The Allman Brothers Band came together in 1969 in Macon. Dickey was responsible for writing several of their well-loved songs: “In Memory of Elizabeth Reed”, “Ramblin' Man”, “Jessica”, and “Blue Sky”.
In '74, Betts released a solo album on Capricorn Records, Highway Song, which featured the legendary fiddler, Vassar Clements, Jeff Hanna of the Nitty Gritty Dirt Band, and award-winning southern Gospel group, The Rambos, on background vocals.
The entourage Betts strolled in with that night included his new band, Great Southern. Along with them was one Steve Popovich, founder of Cleveland International Records, a subsidiary of Epic Records, where he was responsible for signing and launching the careers of Boston, Cheap Trick, Ted Nugent, Joe Tex, and Dave Loggins, who as far as I know, still wants her to come to Boston. Popovich was down in Macon, Georgia that night trying to get Dickey and Great Southern to sign with his new label.
Down Home was used to covering the Brothers' songs; so, this seemed like the perfect time to invite Dickey to join us on “One Way Out”. After that, the two bands convened in the dressing room as we introduced ourselves; and, after a short break, it was decided that Great Southern would perform the final set of the night.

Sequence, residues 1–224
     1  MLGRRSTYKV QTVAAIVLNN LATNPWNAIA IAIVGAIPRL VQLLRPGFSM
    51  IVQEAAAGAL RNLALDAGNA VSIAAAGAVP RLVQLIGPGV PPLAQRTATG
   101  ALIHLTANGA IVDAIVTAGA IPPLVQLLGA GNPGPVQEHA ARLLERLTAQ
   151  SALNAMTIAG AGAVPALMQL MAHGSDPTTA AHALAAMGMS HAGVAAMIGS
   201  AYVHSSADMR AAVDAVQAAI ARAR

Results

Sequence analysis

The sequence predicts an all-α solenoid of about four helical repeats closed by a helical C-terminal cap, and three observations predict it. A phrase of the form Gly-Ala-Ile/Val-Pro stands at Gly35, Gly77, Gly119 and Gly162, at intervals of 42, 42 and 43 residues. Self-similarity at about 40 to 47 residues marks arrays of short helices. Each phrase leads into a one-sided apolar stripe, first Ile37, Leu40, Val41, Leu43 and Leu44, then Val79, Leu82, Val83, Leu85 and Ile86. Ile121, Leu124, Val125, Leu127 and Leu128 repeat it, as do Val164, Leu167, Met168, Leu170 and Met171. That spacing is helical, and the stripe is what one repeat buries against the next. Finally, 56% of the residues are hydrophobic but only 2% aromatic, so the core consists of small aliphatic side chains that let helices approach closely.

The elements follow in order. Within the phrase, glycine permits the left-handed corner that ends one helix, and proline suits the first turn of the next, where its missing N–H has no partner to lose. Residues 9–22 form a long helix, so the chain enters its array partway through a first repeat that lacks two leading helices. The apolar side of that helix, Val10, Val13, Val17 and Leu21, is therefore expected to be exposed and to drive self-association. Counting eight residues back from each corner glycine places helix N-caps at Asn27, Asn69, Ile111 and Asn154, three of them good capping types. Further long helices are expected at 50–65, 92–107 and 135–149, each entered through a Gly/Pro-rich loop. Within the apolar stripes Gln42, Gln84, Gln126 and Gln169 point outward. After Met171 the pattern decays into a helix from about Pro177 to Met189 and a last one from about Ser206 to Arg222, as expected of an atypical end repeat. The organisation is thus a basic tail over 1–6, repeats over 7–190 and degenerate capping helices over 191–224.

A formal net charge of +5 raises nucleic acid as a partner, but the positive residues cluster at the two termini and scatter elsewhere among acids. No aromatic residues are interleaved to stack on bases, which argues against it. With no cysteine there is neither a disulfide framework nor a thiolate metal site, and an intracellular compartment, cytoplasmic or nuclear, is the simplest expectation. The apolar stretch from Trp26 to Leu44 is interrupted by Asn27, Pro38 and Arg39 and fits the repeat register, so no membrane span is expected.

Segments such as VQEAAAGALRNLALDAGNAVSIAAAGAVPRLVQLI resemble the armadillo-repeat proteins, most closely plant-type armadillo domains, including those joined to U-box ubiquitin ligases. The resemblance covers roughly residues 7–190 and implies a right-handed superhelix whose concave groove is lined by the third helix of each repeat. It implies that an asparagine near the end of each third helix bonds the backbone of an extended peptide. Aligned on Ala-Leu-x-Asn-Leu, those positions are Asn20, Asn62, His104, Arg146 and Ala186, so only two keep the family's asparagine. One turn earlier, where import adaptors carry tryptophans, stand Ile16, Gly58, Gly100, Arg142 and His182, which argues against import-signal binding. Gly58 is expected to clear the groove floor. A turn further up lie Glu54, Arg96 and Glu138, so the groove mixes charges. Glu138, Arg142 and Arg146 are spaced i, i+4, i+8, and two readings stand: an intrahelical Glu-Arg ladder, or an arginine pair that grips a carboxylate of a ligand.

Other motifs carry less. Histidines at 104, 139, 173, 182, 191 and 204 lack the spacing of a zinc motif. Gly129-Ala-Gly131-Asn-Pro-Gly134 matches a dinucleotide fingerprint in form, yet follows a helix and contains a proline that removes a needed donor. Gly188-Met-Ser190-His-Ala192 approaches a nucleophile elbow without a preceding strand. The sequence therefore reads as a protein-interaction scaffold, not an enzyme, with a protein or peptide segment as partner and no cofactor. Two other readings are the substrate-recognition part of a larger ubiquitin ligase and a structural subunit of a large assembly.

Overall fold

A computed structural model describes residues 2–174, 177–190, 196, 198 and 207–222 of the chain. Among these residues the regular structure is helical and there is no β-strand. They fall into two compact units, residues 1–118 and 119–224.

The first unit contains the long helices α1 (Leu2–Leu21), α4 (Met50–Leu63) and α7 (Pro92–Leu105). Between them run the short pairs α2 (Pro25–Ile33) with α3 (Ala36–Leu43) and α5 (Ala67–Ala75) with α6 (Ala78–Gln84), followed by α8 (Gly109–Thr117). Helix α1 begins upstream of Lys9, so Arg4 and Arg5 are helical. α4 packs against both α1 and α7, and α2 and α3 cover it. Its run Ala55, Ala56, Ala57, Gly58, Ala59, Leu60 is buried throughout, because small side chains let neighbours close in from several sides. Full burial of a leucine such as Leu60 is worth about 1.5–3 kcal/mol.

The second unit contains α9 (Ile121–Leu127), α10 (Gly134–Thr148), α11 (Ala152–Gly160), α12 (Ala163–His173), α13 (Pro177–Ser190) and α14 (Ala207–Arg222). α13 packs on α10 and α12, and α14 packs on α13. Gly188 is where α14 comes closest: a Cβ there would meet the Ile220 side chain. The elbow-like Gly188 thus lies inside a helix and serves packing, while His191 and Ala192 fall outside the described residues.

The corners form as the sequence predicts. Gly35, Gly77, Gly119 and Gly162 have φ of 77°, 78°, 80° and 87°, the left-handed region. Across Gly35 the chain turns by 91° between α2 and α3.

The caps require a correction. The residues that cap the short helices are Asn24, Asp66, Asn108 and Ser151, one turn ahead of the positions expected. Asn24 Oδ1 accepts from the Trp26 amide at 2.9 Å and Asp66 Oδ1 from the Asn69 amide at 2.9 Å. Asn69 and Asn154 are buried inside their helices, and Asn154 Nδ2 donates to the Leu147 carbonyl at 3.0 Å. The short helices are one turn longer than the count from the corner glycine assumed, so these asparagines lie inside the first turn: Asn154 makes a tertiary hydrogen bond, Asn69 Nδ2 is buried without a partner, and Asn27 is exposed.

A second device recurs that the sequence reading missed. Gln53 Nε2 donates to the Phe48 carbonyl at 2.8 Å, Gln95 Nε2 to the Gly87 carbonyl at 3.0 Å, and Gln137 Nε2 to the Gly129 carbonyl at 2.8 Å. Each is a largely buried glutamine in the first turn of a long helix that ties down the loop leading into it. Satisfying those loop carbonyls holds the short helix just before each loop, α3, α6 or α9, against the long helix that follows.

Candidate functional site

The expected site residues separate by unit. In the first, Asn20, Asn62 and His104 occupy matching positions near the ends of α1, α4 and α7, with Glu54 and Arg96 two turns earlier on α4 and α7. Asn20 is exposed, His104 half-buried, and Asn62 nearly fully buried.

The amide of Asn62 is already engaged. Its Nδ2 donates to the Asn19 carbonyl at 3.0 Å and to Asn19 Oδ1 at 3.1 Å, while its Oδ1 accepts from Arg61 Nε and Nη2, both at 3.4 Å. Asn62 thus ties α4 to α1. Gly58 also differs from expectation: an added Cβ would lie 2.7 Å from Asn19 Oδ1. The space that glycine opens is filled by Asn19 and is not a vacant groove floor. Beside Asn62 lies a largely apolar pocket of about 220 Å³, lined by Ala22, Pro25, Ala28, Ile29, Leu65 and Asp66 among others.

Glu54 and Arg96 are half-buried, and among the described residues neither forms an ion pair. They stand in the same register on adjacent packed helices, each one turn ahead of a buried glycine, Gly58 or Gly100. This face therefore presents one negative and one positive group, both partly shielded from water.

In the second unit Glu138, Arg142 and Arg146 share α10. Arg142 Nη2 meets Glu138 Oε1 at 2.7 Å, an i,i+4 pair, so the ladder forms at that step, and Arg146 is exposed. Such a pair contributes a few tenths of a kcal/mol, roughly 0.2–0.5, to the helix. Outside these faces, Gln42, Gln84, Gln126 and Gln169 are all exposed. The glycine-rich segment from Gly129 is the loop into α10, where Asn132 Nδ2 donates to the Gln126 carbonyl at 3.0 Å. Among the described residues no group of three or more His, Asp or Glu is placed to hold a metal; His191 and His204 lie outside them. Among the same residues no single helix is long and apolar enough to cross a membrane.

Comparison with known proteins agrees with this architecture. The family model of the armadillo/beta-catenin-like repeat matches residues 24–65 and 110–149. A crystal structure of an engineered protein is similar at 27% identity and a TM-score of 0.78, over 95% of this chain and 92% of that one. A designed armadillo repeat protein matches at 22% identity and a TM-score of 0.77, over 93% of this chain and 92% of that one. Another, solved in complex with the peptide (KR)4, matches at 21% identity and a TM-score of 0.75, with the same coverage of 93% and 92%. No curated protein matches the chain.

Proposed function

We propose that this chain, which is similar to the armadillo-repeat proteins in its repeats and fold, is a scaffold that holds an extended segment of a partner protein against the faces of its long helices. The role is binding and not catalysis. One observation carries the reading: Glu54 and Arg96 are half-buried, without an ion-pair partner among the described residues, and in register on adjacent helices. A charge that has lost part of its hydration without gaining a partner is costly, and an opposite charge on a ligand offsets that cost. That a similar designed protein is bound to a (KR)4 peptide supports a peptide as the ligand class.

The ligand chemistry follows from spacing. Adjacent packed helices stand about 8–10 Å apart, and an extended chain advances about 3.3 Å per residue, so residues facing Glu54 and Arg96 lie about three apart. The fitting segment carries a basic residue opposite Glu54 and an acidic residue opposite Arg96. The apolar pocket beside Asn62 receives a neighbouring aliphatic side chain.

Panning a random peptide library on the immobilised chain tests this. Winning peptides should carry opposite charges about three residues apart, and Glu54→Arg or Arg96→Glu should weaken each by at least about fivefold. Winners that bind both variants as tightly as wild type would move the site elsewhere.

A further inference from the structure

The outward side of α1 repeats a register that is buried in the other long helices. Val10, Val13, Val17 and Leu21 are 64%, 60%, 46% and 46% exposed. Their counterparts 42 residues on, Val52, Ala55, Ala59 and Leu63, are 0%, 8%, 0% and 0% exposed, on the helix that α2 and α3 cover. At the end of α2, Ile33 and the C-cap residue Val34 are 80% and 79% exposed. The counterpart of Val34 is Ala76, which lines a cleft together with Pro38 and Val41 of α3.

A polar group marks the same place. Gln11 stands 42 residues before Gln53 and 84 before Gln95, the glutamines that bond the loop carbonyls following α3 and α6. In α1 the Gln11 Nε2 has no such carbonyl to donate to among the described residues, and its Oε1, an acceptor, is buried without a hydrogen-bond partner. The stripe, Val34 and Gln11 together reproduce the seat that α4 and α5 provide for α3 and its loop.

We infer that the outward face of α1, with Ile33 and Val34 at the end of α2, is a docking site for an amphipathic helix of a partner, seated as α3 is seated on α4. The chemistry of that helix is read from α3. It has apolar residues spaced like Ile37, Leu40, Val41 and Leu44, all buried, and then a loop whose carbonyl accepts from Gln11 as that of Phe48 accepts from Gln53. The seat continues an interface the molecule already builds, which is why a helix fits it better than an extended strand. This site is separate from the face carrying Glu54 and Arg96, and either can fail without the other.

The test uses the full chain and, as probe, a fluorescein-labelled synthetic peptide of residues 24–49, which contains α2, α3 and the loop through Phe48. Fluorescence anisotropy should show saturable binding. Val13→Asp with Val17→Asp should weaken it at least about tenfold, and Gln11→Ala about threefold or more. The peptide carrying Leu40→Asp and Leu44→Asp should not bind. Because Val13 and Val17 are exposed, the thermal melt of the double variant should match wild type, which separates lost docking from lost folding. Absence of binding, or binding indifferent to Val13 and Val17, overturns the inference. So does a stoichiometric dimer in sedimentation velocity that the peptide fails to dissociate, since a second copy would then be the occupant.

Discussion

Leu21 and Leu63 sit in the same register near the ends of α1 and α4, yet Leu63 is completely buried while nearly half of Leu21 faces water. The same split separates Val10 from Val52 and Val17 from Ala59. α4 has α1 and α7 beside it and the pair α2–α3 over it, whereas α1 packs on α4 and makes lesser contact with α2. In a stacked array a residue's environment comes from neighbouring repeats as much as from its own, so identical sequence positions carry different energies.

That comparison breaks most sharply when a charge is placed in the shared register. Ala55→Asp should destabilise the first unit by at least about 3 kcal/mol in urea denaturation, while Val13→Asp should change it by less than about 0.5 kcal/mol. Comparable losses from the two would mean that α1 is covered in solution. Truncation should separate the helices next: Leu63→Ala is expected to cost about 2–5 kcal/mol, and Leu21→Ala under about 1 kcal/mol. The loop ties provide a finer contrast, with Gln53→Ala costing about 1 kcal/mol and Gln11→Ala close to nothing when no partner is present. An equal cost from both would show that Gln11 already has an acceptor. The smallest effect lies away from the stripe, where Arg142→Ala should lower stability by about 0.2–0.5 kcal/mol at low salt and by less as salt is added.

The music ended but the party was just getting started. Uncle Sam's bartender poured us a big box of quart-sized to-go draft beers before we all headed across the street to my motel room at the Courtesy Court.
The next several hours were spent gettin' loose as a goose and fit to be tied—high point of the night being when Dickey sat down on the bed to play a couple songs off his solo album on my Takamine acoustic guitar.
I glanced over and saw Steve Popovich, pinned in the corner of the motel room by Eddie Middleton, who was selling himself as hard as he could. Before the night was over, Middleton was the new artist Popovich ended up signing to his new label.
About four in the morning, we were all seeking nourishment and set off for the south side of Macon to Hodge's Carousel Lounge, the all-night soul food shack immortalized in Wet Willie's song, “Red Hot Chicken”. The place was a dive made in heaven, with a formica-topped bar counter where we ordered up plates of chicken, potato salad, and greens, listened to funky rhythm & blues on the jukebox, and shot pool in the middle of the room surrounded by cheap tables and ladder-back chairs.
The magical night finally wound down; and, as we were making our way to our vehicles, Dickey walked up to his expensive sports car and kicked the crap out of the door with his biker boots. I thought it was kind of dumb; but nonetheless, it was his car—and he was Dickey Betts, lead guitarist for the Allman Brothers—and what he lacked in altitude, he sure made up for with attitude.
20th Annual Gram Parsons Guitar Pull and Tribute Festival
Advance Weekend Passes:
YouTube Memories straight from the mind of Uncle Dave Griffin